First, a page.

Live Goes Back To Basics For Epic Debut

As for the 12-track album, it's due out in late winter/early spring 2006, with an extensive tour to follow.

After releasing a greatest hits album last year and recently signing with Epic, veteran modern rock act Live has found new life as it enters the next chapter in its career.

"I would say the 'end of chapter' feeling was more like the 'Best of' and now this really feels like the new chapter, the new beginning, since we finished this album, 'Songs From Black Mountain,'" Live singer Ed Kowalczyk tells "It's been finished for about two months. It's just amazing. It's just a great album and the excitement level of [Epic] and the band, everybody is just really pretty blown away by it."

Apparently the excitement has spread to live audiences as well, which Kowalczyk says have been gravitating to new tracks such as "The River" and "Mystery." The former is due out as the lead single in early 2006, while the singer says the latter track could eventually get the nod as the second single. As for the 12-track album, it's due out in late winter/early spring 2006, with an extensive tour to follow.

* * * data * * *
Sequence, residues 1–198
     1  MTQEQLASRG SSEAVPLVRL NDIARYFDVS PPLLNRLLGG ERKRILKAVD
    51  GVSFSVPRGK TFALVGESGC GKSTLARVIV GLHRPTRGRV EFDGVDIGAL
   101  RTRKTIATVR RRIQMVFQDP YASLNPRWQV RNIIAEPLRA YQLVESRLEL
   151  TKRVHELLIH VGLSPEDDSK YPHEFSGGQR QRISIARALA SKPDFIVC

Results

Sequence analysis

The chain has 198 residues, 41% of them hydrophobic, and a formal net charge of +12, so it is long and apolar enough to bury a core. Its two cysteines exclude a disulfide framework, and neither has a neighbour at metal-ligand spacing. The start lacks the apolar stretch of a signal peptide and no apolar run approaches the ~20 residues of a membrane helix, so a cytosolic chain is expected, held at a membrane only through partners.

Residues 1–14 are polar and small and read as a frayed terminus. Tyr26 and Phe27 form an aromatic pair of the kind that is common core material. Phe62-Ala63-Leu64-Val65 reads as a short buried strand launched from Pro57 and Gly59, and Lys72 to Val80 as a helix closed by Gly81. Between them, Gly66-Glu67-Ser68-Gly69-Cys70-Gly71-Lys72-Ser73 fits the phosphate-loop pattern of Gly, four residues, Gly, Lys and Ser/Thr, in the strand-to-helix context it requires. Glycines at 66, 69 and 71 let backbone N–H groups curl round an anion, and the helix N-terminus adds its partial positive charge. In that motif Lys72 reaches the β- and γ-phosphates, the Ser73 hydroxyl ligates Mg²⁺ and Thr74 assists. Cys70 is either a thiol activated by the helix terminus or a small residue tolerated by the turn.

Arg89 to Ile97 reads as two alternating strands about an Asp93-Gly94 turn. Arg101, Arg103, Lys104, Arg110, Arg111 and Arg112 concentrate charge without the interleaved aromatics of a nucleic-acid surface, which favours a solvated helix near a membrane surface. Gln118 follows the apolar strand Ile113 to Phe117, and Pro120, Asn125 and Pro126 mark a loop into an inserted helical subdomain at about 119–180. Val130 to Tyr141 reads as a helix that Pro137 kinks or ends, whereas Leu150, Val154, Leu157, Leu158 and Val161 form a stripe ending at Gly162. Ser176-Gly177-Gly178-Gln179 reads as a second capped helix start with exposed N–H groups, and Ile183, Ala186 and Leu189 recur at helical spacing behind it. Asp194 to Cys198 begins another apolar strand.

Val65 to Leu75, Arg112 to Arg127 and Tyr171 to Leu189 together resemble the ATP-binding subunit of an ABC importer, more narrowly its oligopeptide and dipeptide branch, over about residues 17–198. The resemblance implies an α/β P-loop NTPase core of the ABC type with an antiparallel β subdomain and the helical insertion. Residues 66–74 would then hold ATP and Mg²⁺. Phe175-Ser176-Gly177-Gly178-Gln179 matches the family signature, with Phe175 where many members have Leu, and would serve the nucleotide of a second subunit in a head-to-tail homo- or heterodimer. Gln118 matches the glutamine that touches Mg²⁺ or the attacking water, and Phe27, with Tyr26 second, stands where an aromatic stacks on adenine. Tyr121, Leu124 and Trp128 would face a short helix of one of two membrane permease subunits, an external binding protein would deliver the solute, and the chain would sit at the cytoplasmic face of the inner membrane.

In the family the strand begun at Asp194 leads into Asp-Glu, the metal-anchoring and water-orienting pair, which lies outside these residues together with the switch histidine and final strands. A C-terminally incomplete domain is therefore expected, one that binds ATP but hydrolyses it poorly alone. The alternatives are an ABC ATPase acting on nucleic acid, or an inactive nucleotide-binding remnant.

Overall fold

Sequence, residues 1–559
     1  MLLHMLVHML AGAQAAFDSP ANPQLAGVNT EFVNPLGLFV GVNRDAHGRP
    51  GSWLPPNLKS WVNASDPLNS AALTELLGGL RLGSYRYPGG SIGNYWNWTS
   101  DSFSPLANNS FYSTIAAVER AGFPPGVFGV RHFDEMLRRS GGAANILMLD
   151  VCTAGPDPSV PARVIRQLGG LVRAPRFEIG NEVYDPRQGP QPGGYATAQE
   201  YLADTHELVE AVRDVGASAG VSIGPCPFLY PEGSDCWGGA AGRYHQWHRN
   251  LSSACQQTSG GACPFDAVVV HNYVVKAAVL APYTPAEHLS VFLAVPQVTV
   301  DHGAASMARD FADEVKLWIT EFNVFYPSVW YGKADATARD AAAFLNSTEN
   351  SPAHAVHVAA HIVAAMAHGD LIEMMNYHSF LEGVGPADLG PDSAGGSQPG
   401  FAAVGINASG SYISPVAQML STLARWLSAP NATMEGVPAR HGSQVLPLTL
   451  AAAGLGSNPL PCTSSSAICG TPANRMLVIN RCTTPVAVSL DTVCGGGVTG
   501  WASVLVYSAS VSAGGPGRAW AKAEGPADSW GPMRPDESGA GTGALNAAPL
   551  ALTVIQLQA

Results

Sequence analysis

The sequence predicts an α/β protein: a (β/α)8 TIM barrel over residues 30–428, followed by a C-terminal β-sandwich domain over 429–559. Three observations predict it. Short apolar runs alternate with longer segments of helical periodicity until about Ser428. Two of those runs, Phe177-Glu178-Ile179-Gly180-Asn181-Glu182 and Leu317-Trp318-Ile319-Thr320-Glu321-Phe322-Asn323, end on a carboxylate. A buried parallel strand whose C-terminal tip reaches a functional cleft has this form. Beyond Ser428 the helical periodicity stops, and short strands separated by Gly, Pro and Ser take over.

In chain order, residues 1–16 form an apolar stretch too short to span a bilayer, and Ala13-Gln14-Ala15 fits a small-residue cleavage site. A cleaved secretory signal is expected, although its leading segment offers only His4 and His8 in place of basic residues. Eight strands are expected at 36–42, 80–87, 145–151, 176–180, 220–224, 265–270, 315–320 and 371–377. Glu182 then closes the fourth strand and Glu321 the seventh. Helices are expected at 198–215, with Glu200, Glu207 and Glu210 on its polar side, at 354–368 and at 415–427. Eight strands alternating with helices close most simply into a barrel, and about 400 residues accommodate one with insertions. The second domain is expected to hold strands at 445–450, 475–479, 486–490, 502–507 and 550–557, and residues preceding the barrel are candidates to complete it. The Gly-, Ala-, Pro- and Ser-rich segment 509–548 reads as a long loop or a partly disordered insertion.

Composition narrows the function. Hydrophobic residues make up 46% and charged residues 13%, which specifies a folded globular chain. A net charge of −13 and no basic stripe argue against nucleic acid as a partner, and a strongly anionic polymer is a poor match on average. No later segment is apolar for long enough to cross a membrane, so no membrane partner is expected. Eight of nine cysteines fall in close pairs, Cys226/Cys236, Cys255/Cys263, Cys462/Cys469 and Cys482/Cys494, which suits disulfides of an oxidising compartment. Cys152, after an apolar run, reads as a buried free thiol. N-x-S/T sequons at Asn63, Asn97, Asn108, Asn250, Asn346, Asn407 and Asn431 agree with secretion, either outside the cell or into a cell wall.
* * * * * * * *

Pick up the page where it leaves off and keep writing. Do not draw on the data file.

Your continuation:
In the meantime, Kowalczyk says Live is touring intermittingly to "keep our chops, more than anything," and is featuring up to five new songs in its set.

"The album itself kind of took its lead from where we were with [2003's] 'Birds of Pray,' which was just a really basic, stripped [approach]," Kowalczyk says. "People say it sounds like 'Mental Jewelry,' our first album, because the guitars are a little cleaner and it's just really melodic, very rhythm-oriented. It just sounds great with lots of melody, lots of lush vocal arrangements. And so it's back to basics, but just really solid writing."

Roughly a decade ago, Live was poised to become one of the biggest rock bands in America thanks to its 1994 breakthrough, "Throwing Copper." Four subsequent releases never garnered that kind of commercial success, but Kowalczyk is optimistic about the group's future prospects.

"We're just in the process now of really reconnecting with the fans that we've kept and then making new ones at different radio formats," Kowalczyk says. "So, it's been a process [in] the last three or four years of re-finding our audience and also just deepening the music. But it feels great right now."

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